Readers ask about Microraptors, an X-ray map of the sky and more

cover of August 15, 2020 issue

Birds of a fossil feather

Four-winged Microraptor, perhaps one of the earliest flying dinosaurs, may have molted just a bit at a time — similar to modern songbirds, Carolyn Gramling reported in “This dinosaur may have shed its feathers like modern songbirds” (SN: 8/15/20, p. 12).

Reader Jan Voelker asked if the dinosaur may somehow be related to the pileated woodpecker.

It’s hard to say just how closely related Microraptor might have been to woodpecker ancestors, Gramling says. Woodpeckers, along with toucans and honeyguides, belong to a biological order called Piciformes. “The evolutionary origins of the Piciformes are still quite murky,” she says. “There just isn’t a whole lot in the fossil record about their ancestors, although there are fossils of modern-looking Piciformes dating as far back as the Oligocene Epoch, which spanned 33.9 million to 23 m­illion years ago.” But Piciformes are members of Aves, the biological class that includes all modern birds and that evolved from small feathered dinosaurs living during the Mesozoic Era, 252 million to 66 million years ago. Microraptor, which lived some 120 m­illion years ago alongside ancient birds, is distantly related to Aves.

Eyes on the sky

A new X-ray map of the entire sky looks deeper into space than any other X-ray map, Maria Temming reported in “This is the most comprehensive X-ray map of the sky ever made” (SN: 8/15/20, p. 30).

Reader Bob Garfield wondered how the image was made. “Is this a composite of a complete, 360-degree image of the sky or is the device looking in one general direction?” Garfield asked.

It’s a composite image of the entire sky, Temming says. “The telescope rotates continually to look at each point in the sky for 150 to 200 seconds on average and then moves on. Scientists stretch out the spherical view of the whole sky into this distended, ellipse-type shape so you can see it all at once on a 2-D surface,” she says.

Old dog, new math

A new formula for converting a dog’s age into human years is based on a comparative study of biological aging in Labrador retrievers and people, Bethany Brookshire reported in “Calculating a dog’s age in human years is harder than you think” (SN: 8/15/20, p. 5).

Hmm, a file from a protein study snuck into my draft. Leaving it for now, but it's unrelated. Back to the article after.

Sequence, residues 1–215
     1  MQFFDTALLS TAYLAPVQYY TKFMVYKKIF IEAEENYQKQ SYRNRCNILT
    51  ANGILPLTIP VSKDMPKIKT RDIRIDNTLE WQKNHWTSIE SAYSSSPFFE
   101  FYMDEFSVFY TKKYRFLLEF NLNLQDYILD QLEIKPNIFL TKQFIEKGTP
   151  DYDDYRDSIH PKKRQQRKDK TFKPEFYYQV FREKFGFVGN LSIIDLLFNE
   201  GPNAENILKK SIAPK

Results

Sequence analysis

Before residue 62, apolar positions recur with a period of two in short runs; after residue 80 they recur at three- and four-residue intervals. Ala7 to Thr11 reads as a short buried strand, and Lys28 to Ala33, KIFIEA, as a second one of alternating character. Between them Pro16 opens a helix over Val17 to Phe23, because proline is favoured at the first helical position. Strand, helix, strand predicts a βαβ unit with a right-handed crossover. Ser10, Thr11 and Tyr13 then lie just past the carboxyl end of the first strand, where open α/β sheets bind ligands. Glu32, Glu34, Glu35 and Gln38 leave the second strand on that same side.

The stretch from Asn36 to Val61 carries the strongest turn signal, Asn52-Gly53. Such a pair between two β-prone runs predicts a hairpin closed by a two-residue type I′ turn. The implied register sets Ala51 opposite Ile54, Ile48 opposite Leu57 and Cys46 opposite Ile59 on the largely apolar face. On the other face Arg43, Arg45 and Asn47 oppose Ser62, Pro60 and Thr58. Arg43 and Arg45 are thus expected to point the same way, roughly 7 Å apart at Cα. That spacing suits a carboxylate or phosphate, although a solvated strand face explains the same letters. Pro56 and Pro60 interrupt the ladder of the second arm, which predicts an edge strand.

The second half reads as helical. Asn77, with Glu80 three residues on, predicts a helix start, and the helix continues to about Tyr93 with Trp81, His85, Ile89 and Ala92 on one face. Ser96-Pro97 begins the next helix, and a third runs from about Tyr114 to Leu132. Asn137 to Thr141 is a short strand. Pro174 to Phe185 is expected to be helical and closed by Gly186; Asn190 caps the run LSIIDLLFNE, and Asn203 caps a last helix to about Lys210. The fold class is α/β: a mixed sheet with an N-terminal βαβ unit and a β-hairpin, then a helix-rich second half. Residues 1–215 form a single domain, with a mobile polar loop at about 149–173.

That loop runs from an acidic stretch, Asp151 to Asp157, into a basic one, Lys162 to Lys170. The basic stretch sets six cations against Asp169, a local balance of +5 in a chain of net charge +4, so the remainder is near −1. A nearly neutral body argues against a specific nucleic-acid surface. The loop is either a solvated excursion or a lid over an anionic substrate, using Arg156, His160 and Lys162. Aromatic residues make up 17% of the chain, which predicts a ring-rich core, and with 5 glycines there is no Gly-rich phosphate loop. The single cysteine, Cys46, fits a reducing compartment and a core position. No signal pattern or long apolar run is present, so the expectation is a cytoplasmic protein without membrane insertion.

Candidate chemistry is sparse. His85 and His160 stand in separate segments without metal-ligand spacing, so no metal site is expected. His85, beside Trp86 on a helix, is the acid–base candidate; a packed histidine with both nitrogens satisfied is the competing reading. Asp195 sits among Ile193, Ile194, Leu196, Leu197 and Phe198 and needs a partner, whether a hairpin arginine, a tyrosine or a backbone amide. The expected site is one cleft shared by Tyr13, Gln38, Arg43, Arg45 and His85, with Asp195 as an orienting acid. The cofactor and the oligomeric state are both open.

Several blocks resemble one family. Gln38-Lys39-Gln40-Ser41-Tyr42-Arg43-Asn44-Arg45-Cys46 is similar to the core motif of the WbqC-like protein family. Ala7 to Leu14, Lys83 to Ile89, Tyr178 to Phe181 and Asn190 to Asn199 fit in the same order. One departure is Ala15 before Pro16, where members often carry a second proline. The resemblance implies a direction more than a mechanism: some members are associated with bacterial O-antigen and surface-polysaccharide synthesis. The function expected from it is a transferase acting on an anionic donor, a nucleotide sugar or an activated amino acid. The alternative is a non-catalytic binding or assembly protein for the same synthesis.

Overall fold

Reader Sue Jordan wondered how old her 13-year-old dog, a male black Lab and border collie mix, would be in human years according to the new equation.

“He’s around 72 years old in human years,” Brookshire says. “Keep in mind that the study doesn’t apply fully to all dogs, as it was done only in Labrador retrievers.” Collies and Labs might age at different rates. “As scientists do more of these comparisons, they will probably come up with different equations for different breeds,” she says.

“That 72 is a rough estimate; no one can say exactly how old your pup is in human years. But no matter what, I bet he’s great,” Brookshire says.

On the clock

A theoretical universal cosmic clock that may beget time must tick faster than a billion trillion trillion times per second, Emily Conover reported in “The universe might have a fundamental clock that ticks very, very fast” (SN: 8/15/20, p. 9).

Reader Lou Puls wondered if the limitation on the rate at which the f­undamental clock might tick could explain the arrow of time, or the idea that the total entropy (or disorder)

in the universe can only increase over time.

That’s a good question, Conover says. “When I interviewed physicist Martin Bojowald of Penn State for this study, I asked him the same thing. Sadly, he said that, at the moment, there’s no connection. It seems there’s no way to explain the arrow of time with this fundamental clock. At least, not yet,” she says.


The x-axis of the graph in “Agriculture and fossil fuels are driving record-high methane emissions” (SN: 8/15/20, p. 8) was incorrectly labeled. Instead of “metric tons per year,” it should say “million metric tons per year.”